By Susan Reed
November 21, 1994 12:00 PM

AS A LITTLE BOY GROWING UP IN the rambling house on Sunset Avenue in Atlanta, Dexter Scott King would spend hours taking his toys apart and putting them back together. When he was a teenager, he did the same with the appliances in his mother’s kitchen. “When anything breaks down,” says his aunt Christine King Farris, “we all look to Dexter.”

Last month, King, 33, the third of four children of slain civil-rights leader Martin Luther King Jr., was handed his biggest repair job yet when he was named to head Atlanta’s troubled Martin Luther King Jr. Center for Nonviolent Social Change. The nonprofit center was founded in 1968, just months after the elder King’s assassination, to carry on his civil-rights legacy. But according to its critics, the center has paid more attention to King’s image than to his message. In 1989, the Atlanta Journal-Constitution called the center’s failings an open secret and derided its conflict-resolution and community programs as “intermittent and superficial.” Concedes Dexter: “I’m being asked to fix something that admittedly is not living up to its full potential or capitalizing on all its resources.”

More important, he is being given the clout to reshape the center, which has a $5 million annual budget. In 1989, Dexter was appointed president of the King Center but resigned four months later over conflicts with his strong-willed mother, who remained CEO. This time, Coretta Scott King, 68, announced she would step down and lobbied the 36-member board to name her son chairman, president and CEO. “Dexter has done a lot of thinking about the future, about the King Center and, I’m sure, about me,” she says. “This time he has full responsibility. The buck now stops with Dexter.”

Dexter and his siblings grew up amid the tumult of the civil-rights movement. In between his father’s absences, Dexter remembers his teaching him to swim at the YMCA and riding bicycles with him. When the elder King arrived home, Dexter would leap into his father’s arms from atop the refrigerator, kissing the “sugar spot”—each child was assigned a different one—on his face.

On April 4, 1968, when Martin Luther King Jr. was gunned down on a balcony of the Lorraine Motel in Memphis, Dexter, then just 7, lost not only his father but all that remained of his own boyhood. Former Atlanta Mayor Andrew Young, who was with King when he was killed, says King’s martyrdom focused a withering spotlight on his children. “There was an expectation that the two boys would automatically become leaders,” he says. “They were never again allowed to be children.”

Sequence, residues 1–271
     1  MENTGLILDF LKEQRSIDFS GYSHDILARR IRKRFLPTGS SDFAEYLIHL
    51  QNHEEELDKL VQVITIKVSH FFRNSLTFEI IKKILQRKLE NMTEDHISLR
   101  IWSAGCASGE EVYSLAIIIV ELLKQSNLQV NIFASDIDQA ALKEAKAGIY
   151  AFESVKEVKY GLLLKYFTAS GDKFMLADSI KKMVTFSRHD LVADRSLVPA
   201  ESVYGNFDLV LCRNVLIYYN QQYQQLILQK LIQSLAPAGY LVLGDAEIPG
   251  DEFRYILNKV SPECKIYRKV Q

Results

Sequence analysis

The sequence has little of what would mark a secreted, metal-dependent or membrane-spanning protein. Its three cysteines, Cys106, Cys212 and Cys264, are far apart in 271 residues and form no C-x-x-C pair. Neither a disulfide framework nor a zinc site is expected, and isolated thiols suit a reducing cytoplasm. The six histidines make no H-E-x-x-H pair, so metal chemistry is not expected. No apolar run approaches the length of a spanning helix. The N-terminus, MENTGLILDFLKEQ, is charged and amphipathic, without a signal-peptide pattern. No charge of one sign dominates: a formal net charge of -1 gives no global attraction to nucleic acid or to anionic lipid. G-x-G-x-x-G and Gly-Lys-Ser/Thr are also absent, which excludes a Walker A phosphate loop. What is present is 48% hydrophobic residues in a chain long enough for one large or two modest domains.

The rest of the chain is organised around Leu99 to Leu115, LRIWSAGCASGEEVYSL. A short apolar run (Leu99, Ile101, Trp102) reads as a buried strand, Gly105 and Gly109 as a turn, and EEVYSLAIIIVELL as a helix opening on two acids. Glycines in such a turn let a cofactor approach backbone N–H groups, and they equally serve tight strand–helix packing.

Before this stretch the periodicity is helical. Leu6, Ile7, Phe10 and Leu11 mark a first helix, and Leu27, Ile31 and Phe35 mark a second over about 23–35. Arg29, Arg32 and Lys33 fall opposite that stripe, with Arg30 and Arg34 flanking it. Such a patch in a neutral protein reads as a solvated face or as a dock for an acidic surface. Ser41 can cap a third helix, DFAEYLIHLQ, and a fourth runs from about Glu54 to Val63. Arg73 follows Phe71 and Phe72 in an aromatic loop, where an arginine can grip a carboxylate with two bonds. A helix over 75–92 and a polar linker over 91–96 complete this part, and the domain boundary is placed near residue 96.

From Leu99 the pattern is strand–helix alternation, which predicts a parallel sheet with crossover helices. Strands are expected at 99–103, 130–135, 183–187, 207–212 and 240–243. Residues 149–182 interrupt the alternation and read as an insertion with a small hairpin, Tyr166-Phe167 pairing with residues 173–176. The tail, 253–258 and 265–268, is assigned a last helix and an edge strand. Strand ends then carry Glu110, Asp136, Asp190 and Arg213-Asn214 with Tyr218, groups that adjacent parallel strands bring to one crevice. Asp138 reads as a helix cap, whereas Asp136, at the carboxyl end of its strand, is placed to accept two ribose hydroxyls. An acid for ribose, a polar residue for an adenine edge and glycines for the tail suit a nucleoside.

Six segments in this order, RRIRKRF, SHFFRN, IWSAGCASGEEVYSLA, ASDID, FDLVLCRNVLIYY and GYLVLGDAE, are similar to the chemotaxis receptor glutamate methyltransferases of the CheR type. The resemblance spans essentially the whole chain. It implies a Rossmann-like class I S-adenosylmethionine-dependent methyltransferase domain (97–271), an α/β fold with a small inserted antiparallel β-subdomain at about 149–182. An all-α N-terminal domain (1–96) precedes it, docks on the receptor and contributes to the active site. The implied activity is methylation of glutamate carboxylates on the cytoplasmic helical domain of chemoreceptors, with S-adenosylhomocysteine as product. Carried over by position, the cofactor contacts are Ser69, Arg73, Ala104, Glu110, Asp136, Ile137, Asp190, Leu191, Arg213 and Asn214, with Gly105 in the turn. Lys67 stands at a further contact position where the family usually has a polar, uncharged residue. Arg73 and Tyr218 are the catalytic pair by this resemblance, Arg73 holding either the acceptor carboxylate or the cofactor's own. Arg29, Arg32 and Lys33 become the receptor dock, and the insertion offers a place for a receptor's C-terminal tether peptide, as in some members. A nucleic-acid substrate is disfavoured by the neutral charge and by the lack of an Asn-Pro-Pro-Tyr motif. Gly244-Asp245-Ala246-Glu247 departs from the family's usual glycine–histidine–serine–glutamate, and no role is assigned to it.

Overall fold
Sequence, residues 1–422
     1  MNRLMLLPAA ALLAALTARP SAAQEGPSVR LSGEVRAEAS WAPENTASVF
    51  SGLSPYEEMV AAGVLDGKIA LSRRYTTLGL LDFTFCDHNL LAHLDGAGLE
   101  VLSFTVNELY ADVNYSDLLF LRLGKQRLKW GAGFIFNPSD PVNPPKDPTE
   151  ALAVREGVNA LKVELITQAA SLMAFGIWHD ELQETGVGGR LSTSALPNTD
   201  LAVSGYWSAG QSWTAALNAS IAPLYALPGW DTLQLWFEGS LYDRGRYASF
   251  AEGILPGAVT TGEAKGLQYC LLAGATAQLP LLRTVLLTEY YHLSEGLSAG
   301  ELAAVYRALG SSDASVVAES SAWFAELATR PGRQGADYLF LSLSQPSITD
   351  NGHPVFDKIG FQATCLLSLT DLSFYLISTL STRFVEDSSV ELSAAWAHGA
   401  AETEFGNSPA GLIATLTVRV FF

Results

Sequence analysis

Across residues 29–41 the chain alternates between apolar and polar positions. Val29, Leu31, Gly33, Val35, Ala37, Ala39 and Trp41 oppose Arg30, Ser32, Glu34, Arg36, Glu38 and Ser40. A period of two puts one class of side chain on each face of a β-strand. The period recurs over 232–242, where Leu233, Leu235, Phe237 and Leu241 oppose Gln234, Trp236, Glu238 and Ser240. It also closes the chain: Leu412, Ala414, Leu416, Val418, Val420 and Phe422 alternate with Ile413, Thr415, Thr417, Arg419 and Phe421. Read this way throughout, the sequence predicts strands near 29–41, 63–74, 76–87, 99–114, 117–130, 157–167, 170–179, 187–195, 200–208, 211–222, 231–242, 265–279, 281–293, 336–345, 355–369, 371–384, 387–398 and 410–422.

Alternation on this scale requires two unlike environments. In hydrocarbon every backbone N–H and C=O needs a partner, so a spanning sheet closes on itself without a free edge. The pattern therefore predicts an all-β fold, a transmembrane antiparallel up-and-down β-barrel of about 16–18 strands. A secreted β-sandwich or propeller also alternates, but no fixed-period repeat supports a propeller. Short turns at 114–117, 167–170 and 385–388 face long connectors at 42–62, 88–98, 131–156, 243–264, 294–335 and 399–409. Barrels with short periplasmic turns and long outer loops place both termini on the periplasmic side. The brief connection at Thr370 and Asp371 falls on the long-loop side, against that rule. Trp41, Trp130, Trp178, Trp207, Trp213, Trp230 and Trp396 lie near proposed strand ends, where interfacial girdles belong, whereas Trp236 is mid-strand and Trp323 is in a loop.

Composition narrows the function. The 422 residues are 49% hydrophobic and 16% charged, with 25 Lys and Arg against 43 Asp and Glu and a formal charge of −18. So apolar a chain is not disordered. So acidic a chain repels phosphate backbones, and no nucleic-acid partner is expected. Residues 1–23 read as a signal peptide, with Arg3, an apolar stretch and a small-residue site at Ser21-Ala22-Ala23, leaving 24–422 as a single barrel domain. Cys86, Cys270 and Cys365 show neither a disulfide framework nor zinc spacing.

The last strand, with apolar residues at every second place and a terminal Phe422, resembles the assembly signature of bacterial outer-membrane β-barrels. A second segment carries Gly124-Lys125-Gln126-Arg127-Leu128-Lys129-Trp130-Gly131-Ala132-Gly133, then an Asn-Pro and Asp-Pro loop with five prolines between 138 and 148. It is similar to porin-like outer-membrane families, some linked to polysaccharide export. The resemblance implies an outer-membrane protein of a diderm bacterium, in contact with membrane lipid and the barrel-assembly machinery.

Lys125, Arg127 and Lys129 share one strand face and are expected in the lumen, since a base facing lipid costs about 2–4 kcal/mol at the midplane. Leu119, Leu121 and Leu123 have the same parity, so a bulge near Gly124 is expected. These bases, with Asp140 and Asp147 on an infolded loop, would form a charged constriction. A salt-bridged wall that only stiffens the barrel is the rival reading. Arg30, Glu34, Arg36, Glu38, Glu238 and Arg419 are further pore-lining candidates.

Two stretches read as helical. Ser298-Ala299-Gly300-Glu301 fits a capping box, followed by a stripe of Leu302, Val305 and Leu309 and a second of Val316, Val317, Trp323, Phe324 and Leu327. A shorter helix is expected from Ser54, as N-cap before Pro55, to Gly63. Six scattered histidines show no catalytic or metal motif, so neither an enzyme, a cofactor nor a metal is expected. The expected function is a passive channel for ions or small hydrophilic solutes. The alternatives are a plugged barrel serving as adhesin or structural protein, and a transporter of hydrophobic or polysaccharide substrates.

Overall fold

Nor were they allowed to forget what Dexter’s younger sister Bernice, now 31 and a Baptist minister, calls the whole King thing. During grade school and junior high, Dexter and two of his siblings attended a predominantly white private school in Atlanta. “I was one of the only blacks in my class,” he recalls. “I remember feeling I always had to take the black position on any social issue.” Dexter transferred to Frederick Douglass High School, a mostly black public school for his junior and senior years. There he became an outstanding football player; offered a football scholarship to USC, he turned it down in favor of his father’s alma mater, Morehouse College in Atlanta, so he could remain close to home.

In 1983, Dexter dropped out of college because of a medical condition. He then worked for the Atlanta corrections department but quit after two years. “It was very difficult for people to treat me as a normal person,” he says. “It was like, ‘Why is he here?’ It taught me that I was going to have to be self-determining.”

Dexter moved into music next, producing an album—with Prince and Whitney Houston among others—for the first Martin Luther King Jr. federal holiday in 1986. “I love music, jazz, rhythm and blues, classical, rock,” he says. “I always wanted to explore the creative side of myself.”

King says he made another personal breakthrough when he started following comedian, activist and health-food evangelist Dick Gregory and became a vegetarian in 1987. “It opened me up in terms of my spiritual self…and enabled me to transcend a lot of emotional interference,” he says. “Once you can manage your emotions, anything is achievable.” So far that has not included marriage. In fact, none of the King children has married. “I’ve had relationships, and I love the feeling of being in love,” says Dexter. “But I also see it as a very important responsibility. I cherish friendships now. If they evolve into something more, fine.”

For now, King is focusing his energies on revitalizing the King Center so it can communicate the history and values of the civil-rights movement to a new generation. He has plans for a multimedia museum and wants to strengthen the center’s programs in nonviolent conflict resolution. “My father’s legacy was born out of tragedy,” he says. “I didn’t ask for it, and I didn’t create it, but I’m part of it. It’s my responsibility too.”